SOUSA, Tomé de (?-1579)
Illegitimate son of João de Sousa, Abbot of Rates, who in turn was the fifth son of Pêro de Sousa, Lord of Prado and member of the Royal Council, Tomé de Sousa had little hope for his future during his childhood and adolescence. The sparse information that can be obtained about him during the first half of the 16th century supports the view that he had very little prominence. We know he was in Asilah between 1527 and 1528, from where he led some cavalry attacks on Muslim-controlled areas. In 1534, he returned to Morocco and participated in aiding Safi during the siege. The following year, he was vested in the captaincy of one the ships of Carreira da India, returning to Portugal in 1537, without his name ever being associated with any of the significant events that occurred in the Asian dominions. On the other hand, Tomé de Sousa´s economic situation seems to have become somewhat prosperous, based on the various tença [pension paid to members of the nobility] endowment letters, which he acquired during the 1530s, with royal authorization.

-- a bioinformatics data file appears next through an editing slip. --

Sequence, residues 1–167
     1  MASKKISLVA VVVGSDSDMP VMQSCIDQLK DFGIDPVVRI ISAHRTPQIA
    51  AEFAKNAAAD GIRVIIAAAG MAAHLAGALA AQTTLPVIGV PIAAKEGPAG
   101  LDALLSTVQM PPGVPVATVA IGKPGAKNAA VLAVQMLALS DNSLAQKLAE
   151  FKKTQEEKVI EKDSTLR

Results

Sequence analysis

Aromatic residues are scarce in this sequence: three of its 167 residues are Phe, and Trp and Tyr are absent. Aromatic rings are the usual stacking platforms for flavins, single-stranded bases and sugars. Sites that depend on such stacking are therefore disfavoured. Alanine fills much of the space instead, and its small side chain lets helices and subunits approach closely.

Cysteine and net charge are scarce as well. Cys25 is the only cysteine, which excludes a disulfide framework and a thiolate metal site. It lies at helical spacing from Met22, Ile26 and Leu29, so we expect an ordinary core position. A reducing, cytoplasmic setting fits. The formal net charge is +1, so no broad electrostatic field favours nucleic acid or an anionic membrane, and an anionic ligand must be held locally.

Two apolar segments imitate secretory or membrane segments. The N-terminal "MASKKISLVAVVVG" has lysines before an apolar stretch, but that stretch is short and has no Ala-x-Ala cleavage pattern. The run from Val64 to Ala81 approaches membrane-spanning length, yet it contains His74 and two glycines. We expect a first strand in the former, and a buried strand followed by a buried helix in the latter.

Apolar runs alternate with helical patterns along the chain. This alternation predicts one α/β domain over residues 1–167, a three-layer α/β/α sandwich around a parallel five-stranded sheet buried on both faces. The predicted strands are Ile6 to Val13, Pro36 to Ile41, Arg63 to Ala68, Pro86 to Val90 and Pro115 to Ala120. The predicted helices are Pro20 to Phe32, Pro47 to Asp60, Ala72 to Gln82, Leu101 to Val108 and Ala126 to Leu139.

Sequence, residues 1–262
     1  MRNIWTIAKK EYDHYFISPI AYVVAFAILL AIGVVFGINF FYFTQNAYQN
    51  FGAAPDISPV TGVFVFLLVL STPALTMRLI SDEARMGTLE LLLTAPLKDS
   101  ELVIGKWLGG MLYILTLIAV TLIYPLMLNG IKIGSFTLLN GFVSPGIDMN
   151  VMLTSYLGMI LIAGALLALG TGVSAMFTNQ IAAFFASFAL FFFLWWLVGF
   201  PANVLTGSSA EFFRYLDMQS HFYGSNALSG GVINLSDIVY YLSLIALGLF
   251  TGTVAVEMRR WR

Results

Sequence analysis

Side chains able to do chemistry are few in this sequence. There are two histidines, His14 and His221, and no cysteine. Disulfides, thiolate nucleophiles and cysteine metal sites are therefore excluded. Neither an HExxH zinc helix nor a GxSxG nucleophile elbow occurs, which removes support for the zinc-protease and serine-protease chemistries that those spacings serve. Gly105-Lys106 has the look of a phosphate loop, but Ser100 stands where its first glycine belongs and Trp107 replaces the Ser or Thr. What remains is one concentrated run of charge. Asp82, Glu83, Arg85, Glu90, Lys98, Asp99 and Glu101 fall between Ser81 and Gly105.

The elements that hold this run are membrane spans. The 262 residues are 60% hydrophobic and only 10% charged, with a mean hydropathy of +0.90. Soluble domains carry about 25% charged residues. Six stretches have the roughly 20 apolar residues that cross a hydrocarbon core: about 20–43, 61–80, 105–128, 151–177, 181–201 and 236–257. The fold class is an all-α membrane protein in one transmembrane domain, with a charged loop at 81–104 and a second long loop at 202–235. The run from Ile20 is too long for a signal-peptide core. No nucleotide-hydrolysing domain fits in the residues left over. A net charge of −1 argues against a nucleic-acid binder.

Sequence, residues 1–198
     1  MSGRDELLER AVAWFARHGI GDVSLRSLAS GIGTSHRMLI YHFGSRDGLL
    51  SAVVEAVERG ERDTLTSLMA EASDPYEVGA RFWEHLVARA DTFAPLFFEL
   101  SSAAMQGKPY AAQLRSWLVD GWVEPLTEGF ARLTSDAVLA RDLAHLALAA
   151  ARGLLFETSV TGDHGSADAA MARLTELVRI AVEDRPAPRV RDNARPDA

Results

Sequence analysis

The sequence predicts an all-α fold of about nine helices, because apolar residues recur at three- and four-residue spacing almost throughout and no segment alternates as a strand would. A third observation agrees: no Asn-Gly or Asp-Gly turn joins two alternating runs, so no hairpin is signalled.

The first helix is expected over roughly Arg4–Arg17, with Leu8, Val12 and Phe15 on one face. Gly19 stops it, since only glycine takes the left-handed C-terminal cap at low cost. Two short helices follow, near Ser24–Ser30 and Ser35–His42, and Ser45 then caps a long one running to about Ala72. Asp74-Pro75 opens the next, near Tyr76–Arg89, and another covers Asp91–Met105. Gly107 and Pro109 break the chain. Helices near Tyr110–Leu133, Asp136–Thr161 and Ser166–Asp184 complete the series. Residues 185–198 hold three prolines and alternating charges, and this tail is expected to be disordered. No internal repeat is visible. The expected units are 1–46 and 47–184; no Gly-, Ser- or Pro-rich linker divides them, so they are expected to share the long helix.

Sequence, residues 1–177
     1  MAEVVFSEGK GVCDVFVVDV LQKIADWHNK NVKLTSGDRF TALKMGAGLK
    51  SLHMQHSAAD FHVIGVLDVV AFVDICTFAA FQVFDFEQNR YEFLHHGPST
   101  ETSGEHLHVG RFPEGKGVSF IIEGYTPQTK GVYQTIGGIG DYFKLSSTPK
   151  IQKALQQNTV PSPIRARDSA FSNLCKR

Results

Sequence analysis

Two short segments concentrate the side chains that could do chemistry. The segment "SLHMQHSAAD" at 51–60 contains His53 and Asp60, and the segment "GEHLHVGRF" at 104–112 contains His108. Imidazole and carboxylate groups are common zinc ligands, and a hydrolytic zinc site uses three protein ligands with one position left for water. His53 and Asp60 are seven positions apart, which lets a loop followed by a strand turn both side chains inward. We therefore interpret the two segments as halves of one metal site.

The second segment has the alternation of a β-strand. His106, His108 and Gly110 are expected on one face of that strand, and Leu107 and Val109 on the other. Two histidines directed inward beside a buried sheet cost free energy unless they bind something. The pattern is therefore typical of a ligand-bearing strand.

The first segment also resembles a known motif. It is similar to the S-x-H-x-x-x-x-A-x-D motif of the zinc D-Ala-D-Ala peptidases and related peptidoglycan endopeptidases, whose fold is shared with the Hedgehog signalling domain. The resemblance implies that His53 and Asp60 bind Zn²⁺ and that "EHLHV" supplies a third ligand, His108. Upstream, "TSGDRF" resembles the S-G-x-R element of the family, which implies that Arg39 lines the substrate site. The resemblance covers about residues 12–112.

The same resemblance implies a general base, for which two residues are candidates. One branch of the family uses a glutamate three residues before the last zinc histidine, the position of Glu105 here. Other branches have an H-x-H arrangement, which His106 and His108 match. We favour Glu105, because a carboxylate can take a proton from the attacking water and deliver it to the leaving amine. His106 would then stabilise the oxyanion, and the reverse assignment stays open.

When the Crown decided to establish the general government of Brazil in 1548, Tomé de Sousa, somewhat surprisingly, was selected to be the first governor. His status as a nobleman of illegitimate birth and without significant political or military experience, did not match the type of profile that was typical of the highest officials of Estado da India. The key to understanding the importance given Tomé de Sousa then, must be his having approached ? on an uncertain date ? Dom Antonio de Ataíde and his House. This first cousin of his had accumulated the positions of favorite of Dom João III, Treasurer, and first Count of Castanheira, in addition to having become a high profile player in the management of Portuguese expansionist policies. It was precisely the King and his great friend who had decided to promote Brazil in the context of Portuguese overseas interests, first through the organization of the expedition led by Martim Afonso de Sousa (1530?1533), which founded the bases for colonization of the territory, and after with the establishment of donatary captaincies (1534). Even so, around mid-century, the success of the colony continued to be at risk in face of the donataries´ absenteeism, the early stage of development of most of the captaincies, the hostility demonstrated by various native groups, and the persistent commercial and military threats posed by the French. These factors, when paired with the expectations of increasing profits from the cultivation of sugar cane and finding great mineral riches, required a more forceful and systematic intervention by the Crown.